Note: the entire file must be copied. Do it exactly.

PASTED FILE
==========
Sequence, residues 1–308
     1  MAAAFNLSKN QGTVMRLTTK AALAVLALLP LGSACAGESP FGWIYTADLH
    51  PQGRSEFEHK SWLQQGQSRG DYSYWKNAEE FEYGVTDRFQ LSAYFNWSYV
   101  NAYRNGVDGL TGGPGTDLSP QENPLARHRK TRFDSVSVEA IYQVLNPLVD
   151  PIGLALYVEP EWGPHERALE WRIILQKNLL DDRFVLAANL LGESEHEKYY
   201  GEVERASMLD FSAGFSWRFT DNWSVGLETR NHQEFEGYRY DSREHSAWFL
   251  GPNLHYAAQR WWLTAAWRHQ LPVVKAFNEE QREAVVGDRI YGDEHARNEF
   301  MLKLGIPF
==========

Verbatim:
Sequence, residues 1–308
     1  MAAAFNLSKN QGTVMRLTTK AALAVLALLP LGSACAGESP FGWIYTADLH
    51  PQGRSEFEHK SWLQQGQSRG DYSYWKNAEE FEYGVTDRFQ LSAYFNWSYV
   101  NAYRNGVDGL TGGPGTDLSP QENPLARHRK TRFDSVSVEA IYQVLNPLVD
   151  PIGLALYVEP EWGPHERALE WRIILQKNLL DDRFVLAANL LGESEHEKYY
   201  GEVERASMLD FSAGFSWRFT DNWSVGLETR NHQEFEGYRY DSREHSAWFL
   251  GPNLHYAAQR WWLTAAWRHQ LPVVKAFNEE QREAVVGDRI YGDEHARNEF
   301  MLKLGIPF